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Border Patrol Agents Who Posted in Violently Racist, Sexist Private Facebook Group Faced Basically No Consequences, Congress Finds

U.S. Border Patrol agents watch as Haitian immigrant families cross the Rio Grande from Mexico into Del Rio, Texas

Back in 2019, journalistic watchdog ProPublica published an exposé revealing the disturbing contents of a private Facebook group for Border Patrol agents.

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The group had about 9,500 members—nearly half the number of Border Patrol agents in the country. The agents regularly posted disgusting, violent, racist memes and messages, mocking the deaths of immigrants and asylum-seekers in custody, joking about throwing burritos at Latinx lawmakers, and posting illustrations and photoshopped images of Congresswoman Alexandria Ocasio-Cortez performing oral sex on Donald Trump and on immigrants.

More than two years later, a new report from the House Committee on Oversight and Reforms shows what sorts of consequences these agents faced, and they were basically nonexistent.

The committee’s investigation found that 60 Customs & Border Protection (CBP) agents were subject to discipline based on their egregious misconduct. But nearly all of those agents had their punishments “significantly reduced” from the recommendations made by the CBP Discipline Review Board. Eighteen agents whom the board recommended removing from their positions were, in the end, only temporarily suspended, some with pay. Twelve merely received disciplinary letters.

Those who were merely suspended included an agent who “posted a sexually explicit doctored image and derogatory comments about a Member of Congress,” an agent who posted a video of a migrant falling off a cliff to their death, and an agent with “a history of multiple infractions” who posted a photo of a drowned father and son with a comment referring to them as “floaters.” That last agent was allowed to retire with benefits. The first two were suspended for 60 and 30 days, respectively.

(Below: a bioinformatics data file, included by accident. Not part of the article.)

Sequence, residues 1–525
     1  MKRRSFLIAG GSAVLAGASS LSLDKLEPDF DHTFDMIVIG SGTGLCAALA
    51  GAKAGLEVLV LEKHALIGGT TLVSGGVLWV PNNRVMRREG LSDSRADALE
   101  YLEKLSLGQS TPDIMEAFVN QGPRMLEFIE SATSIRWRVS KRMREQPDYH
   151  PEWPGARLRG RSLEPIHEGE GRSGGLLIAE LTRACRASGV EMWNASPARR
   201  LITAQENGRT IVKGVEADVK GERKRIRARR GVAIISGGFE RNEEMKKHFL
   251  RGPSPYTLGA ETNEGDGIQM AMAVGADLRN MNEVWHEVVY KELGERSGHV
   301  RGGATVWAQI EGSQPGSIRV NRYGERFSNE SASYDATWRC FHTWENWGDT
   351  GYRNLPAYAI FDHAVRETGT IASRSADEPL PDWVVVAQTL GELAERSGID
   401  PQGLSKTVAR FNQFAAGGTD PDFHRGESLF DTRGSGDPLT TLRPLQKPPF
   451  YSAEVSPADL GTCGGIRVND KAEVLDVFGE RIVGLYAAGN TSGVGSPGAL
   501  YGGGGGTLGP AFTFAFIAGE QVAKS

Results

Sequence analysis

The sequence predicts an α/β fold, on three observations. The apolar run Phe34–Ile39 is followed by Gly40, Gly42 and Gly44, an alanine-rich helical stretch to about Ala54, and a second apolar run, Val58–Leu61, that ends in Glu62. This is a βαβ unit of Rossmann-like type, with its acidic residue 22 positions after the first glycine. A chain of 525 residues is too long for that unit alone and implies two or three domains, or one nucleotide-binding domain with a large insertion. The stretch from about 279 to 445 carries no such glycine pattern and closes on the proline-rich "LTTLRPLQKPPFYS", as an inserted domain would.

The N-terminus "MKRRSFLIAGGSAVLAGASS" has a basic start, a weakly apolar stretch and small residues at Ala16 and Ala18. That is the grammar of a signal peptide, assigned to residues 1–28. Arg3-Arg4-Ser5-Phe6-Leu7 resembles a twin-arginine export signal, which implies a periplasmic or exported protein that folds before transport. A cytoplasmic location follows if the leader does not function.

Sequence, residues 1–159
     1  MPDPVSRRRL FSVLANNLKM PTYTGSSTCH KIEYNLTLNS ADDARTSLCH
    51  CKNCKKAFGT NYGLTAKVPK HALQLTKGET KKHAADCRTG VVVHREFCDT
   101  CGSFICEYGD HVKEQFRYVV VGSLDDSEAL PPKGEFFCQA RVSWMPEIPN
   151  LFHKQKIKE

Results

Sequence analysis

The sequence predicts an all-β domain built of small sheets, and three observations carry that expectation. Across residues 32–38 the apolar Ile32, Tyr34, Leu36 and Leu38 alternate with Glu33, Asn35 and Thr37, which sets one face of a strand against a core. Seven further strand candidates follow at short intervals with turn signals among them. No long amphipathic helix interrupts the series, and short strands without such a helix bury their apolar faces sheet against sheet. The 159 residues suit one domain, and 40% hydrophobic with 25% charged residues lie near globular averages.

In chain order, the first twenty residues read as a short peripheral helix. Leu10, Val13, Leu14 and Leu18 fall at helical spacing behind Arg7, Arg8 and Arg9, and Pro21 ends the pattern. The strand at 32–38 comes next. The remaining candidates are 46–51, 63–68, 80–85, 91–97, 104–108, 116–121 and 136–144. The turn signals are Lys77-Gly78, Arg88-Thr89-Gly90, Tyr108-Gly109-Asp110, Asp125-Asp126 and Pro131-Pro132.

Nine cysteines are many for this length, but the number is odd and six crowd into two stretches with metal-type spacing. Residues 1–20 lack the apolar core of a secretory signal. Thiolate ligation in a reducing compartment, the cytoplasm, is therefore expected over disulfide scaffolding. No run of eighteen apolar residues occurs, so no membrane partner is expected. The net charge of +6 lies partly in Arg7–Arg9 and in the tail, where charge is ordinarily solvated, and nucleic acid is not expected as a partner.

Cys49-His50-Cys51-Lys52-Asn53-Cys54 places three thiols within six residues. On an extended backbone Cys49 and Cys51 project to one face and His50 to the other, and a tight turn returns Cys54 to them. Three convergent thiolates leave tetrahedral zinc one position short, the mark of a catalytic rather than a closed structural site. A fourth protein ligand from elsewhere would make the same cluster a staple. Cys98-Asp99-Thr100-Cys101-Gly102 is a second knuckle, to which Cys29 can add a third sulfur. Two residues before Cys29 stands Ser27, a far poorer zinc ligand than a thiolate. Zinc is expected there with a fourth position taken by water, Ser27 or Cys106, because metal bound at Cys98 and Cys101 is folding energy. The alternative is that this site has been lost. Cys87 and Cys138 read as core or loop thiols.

Of the 60 agents found to have engaged in misconduct, only two were removed from their positions. 57 of them still work with migrants today. (One is an investigator who doesn’t work with migrants.)

Some of the committee’s findings are meant to give a bit of insight into the why of this Facebook group, and they’re all infuriating. Congress found that CPB gave its agents insufficient social media training, although if you need training to tell you “don’t be racist,” your job probably shouldn’t be centered around working with immigrants and asylum seekers.

Similarly, the report says CBP agents have “low morale” and use the Facebook group to vent. But again, if your “venting” manifests as racist misogyny, violent sexualization of Latina women, and mocking the deaths of immigrants, this is not a job you should have.

It is entirely unsurprising that we have continued to see violent behavior from CBP, like the horrific recent images of agents on horseback, LARPing plantation overseers, rounding up Haitian migrants using their reins as whips.

While the Facebook group was outed and the investigation began during Trump’s presidency, Committee Chairwoman Carolyn Maloney noted in a press release that “systemic behavior problems within CBP persist.” Moreover, many of the agents who were disciplined have been with the agency for more than a decade. Trump may have exacerbated this kind of horrible behavior and given tacit permission for it to flourish, but he did not create it himself.

The committee made a number of recommendations, including better social media training, addressing morale issues, and reforming the hiring process to screen for applicants with a history of complaints made against them. I suppose, being Congress, they couldn’t reasonably suggest the only recommendation likely to actually produce any substantial changes, which is to break the entire institution down into tiny pieces and fire them directly into the sun.

(image: John Moore/Getty Images)

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Vivian Kane
Vivian Kane (she/her) is the Senior News Editor at The Mary Sue, where she's been writing about politics and entertainment (and all the ways in which the two overlap) since the dark days of late 2016. Born in San Francisco and radicalized in Los Angeles, she now lives in Kansas City, Missouri, where she gets to put her MFA to use covering the local theatre scene. She is the co-owner of The Pitch, Kansas City’s alt news and culture magazine, alongside her husband, Brock Wilbur, with whom she also shares many cats.

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